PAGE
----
We propose to remove the ‘states’ and the possessive ‘their’ from this definition, in order to generalize Strange's concept of structural power from the international society with which she was concerned to the world society setting that is the focus of this article. Thus following Strange we think of structural power in world society as ‘the power to shape and determine the structures of the global political economy within which other actors, political institutions, economic enterprises and (not least) scientists, and other professional people have to operate.’

For Strange (1989, 165), structural power ‘embraces customs, usages, and modes of operation,’ whereas relational power ‘stays closer to state-state agreements and state-centered institutions.’ There is a clear parallel here with the contrast between world society and international society. Strange apparently did not theorize this distinction, but it is nonetheless implicit in her writing. She wrote that structural power ‘confers the power to decide how things shall be done, the power to shape frameworks within which states relate to each other, relate to people, or relate to corporate enterprises’ (Strange, 1988, 25).

Strange (1988, 24–32) identified four ‘structures’ of power in what we would call world society: security, production, finance, and knowledge. Mann (1986, 2) similarly identifies a set of four important ‘sources of social power’ that he characterizes as ‘overlapping networks of social interaction’ (emphases in the original): ideological, economic, military, and political. Obviously, these two schemas overlap substantially, though not completely. We propose to amalgamate them into a set of six important power networks (Table 2): the military/security, political, economic/production, credit, knowledge, and ideological networks of power in world society. We place these six networks on a continuum from the most authoritative (characterized by direct commands) to most diffused (characterized by implicit demands) (Mann, 1986, 7–10). While territorial versions of each of these networks exist within states, we are particularly interested in the deterritorialized networks that span world society.

Table 2. Six deterritorialized networks of power derived from Mann (1986) and Strange (1988)

We do not mean to suggest that the six networks identified in Table 2 are ‘the’ six networks of power in world society, but we do believe that they are among the most important networks, and that they are reasonably comprehensive in encompassing a large part of ‘the totality of global social interaction’ (Bull, 1977, 279) that constitutes world society. Admittedly, not all social interaction involves power relationships. But power relationships are central to Mann's (and arguably Strange's) models of society, as well as to the discipline of international relations. Mann (2013, 3) goes so far as to claim that globalization itself is ‘merely the product of expansions of the sources of social power.’ Although we would not go so far as Mann in seeing society only in terms of power, and we believe that other forms of social interaction are undoubtedly important (perhaps more important) to the individuals who make up a society, we agree with Mann that power relationships are inherent in the network ties that bind society together. Power networks can thus be used to elucidate the ‘common rules and institutions’ of Bull's (1977, 279) world society, even if they do not necessarily identify the ‘sense of common interest and common values’ that underlies them.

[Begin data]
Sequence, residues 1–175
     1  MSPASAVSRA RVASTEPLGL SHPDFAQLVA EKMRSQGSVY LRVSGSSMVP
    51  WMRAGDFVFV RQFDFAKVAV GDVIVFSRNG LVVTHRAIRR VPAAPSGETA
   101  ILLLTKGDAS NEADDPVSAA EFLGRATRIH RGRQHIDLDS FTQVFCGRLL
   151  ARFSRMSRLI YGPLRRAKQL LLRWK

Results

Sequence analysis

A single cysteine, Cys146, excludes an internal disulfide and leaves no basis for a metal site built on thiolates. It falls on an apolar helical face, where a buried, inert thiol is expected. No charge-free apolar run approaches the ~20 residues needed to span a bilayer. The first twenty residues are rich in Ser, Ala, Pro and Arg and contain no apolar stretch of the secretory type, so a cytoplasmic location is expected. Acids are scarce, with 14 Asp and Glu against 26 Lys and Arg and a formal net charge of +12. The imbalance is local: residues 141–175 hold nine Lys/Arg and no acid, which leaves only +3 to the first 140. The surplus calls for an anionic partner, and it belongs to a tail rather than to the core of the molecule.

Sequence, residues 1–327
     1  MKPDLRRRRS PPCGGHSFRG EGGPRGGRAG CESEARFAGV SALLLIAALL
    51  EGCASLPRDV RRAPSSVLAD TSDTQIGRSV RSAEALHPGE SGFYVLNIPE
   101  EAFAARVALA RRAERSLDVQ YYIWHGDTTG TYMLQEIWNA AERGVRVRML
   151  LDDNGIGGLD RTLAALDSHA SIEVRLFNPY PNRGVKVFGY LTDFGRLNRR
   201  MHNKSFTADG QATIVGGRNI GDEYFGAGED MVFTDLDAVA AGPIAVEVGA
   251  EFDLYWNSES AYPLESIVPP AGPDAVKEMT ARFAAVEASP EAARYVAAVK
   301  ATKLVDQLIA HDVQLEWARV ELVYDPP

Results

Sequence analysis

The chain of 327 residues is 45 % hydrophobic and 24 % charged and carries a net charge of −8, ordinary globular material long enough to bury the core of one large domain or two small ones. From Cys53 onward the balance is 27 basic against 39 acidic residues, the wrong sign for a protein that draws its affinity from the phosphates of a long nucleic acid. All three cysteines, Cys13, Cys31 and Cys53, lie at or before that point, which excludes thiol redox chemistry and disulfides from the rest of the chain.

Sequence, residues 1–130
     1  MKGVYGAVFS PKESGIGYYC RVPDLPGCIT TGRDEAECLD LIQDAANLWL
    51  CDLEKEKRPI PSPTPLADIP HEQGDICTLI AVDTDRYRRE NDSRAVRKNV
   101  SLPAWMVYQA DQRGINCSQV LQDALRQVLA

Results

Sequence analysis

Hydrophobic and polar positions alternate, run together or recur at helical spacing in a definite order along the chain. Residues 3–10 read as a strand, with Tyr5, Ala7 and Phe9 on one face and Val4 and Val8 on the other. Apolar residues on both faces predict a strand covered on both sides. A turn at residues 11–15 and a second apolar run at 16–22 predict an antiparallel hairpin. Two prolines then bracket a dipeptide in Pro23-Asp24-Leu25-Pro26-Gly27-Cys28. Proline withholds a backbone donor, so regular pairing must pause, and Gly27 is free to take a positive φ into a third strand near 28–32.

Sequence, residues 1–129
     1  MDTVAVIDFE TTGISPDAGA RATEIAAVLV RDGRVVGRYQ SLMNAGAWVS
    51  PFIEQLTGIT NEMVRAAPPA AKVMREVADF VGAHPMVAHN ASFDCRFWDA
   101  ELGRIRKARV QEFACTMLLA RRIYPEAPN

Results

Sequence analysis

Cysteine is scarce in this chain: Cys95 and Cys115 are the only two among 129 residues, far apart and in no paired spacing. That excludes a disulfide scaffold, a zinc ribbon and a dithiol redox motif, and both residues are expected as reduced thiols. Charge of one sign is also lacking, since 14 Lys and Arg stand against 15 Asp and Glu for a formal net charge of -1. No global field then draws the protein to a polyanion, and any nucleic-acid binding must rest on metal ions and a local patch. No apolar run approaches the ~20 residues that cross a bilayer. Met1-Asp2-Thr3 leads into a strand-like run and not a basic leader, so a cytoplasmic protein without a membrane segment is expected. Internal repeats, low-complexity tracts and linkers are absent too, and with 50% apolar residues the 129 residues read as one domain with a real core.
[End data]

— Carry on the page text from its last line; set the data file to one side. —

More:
Six networks of power in world society

In this section, we analyze each of the six deterritorialized networks of power of Table 2 from an empirical perspective. We are primarily interested in the human-to-human world society aspects of these networks. Since military power is almost by definition authoritative, we begin with the most authoritative of power networks, military/security networks. They represent, in a sense, the worst-case scenario for finding world society institutions; if we find world society even in authoritative military/security networks, we would expect to find much more of it in the more diffuse networks of civil society. We thus move from military/security networks out toward progressively more diffused networks where world society is presumably more likely to operate. Our final set of networks, ideological networks, brings us face to face with what we argue is the key primary institution of world society: networked individualism.

Military/security networks

The military/security domain is clearly one of the most important spheres of state activity; realists might say the most important. Bull's (1977) Anarchical Society was mainly dedicated to establishing the possibility of an international society of states that rests on a web of military/security networks like diplomatic alliances, balance of power, international law, great power management, and even war. Yet today's military/security networks are much more deeply rooted at the level of human-to-human interaction than were the alliance networks of the past. The most advanced of these networks is NATO, which not only conducts joint exercises involving personnel from across its 29 member states but has since its 2012 Chicago summit moved decisively toward the creation of multinational battle groups. These groups, which place troops from multiple member states in a single unit under a single commander, represent a level of human-to-human transnational military cooperation much deeper than anything exhibited in the pre-globalization era.